A Taxing Situation

October 27, 2016

In 2004, Congress passed the American Jobs Creation Act (“AJCA”) which repealed the extraterritorial tax exemption for domestic companies. The Act included a two-year phase out of the tax exemption. In 2006 DreamWorks Animation SKG, Inc. (“DreamWorks”) entered into a ten-year international licensing agreement to distribute its animated feature films in markets outside the U.S.

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First Things First

October 25, 2016

In December 2015, James D. Sullivan filed a pro se complaint in the U.S. Court of Federal Claims, alleging that the IRS wrongly assessed his 2006 income taxes, and unlawfully seized a payment ($45,000) from him under a federal tax lien to satisfy his 2006 tax liability.  In his lawsuit, Sullivan sought to recover the $45,000 and to bar the IRS from collecting his 2006 taxes.

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EAJA Fee Award

October 24, 2016

Following a successful breach-of-contract lawsuit in the U.S. Court of Federal Claims, the Court awarded SUFI Network Services, a small telecommunications company, full market-rate attorneys’ fees under the Equal Access to Justice Act (EAJA). Finding that the case presents extraordinary circumstances, the Court allowed SUFI to recover far more than the usual $125-per-hour attorneys’ fee rate (adjusted for cost-of-living increases) normally allowed under EAJA.

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It’s All Over Now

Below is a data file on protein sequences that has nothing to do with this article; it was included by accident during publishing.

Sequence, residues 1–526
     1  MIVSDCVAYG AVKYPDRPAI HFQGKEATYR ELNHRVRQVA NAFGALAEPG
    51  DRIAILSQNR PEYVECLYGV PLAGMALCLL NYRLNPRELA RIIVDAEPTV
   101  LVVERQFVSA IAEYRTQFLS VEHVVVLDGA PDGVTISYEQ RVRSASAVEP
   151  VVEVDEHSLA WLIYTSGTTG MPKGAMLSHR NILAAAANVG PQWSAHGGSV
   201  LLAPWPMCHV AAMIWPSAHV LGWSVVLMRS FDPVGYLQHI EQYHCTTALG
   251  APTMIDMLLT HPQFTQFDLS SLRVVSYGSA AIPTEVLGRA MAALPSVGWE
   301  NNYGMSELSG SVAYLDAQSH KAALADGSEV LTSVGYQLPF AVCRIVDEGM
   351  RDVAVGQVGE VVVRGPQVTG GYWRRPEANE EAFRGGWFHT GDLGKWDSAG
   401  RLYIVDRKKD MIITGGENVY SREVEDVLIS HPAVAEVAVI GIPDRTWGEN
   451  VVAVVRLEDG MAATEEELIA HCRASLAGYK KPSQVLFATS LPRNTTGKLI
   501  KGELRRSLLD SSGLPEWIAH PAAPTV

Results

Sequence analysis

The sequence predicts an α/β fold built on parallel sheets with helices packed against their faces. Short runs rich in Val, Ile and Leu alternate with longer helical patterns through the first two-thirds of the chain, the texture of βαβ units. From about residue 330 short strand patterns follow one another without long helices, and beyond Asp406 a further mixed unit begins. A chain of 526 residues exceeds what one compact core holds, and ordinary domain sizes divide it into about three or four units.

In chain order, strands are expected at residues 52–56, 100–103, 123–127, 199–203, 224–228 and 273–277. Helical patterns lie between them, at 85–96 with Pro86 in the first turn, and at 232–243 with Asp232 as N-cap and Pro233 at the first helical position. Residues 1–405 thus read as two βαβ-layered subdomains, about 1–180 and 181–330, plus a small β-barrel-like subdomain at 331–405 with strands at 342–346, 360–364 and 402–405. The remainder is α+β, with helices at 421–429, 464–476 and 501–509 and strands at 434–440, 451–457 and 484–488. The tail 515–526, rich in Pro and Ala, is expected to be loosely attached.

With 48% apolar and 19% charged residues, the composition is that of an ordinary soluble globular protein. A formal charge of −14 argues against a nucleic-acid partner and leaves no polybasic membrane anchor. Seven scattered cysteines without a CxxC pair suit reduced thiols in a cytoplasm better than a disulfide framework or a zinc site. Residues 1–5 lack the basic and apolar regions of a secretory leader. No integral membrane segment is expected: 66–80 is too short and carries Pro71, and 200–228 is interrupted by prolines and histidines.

October 21, 2016

In 2012, the Surface Transportation Board issued a notice of interim trail use under Section 208 of the National Trails System Act Amendments of 1983, authorizing the creation of a permanent recreational trail on land previously subject to a rail easement held by the Mississippi and Skuna Valley Railroad, LLC.  The landowners filed a taking suit in the U.S. Court of Federal Claims, alleging that issuance of the notice of interim trail use destroyed their exclusive right to the use of their property, free of any easement.  The Court certified a class of all similarly situated landowners.

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Ain’t No Friend of Mine

October 20, 2016

The U.S. Court of Federal Claims recently refused to accept an amicus curiae brief that exceeded the allowable page limit and asserted a legal theory not put forward by the Plaintiff in Land of Lincoln Insurance Company v. United States. The brief was offered by two health care companies that are plaintiffs in a similar case (one of eight cases) pending in the Court under the Affordable Care Act. All of the eight cases involve challenges to the three-year premium stabilization program relating to “risk corridors” under which qualifying health plans pay money to or receive money from the Department of Health and Human Services based on the ratio of their premiums to claim costs.

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The Power of Persuasion

June 10, 2016

The Dellew Corporation filed a postaward bid protest challenging the U.S. Army’s award of a Hawaii barracks contract to Tech System, Inc., and, based on the Court’s comments during the hearing, the Army decided to take corrective action.  The Army then moved to dismiss Dellew’s suit as moot.  After dismissal, Dellew sought attorneys’ fees under the Equal Access to Justice Act.

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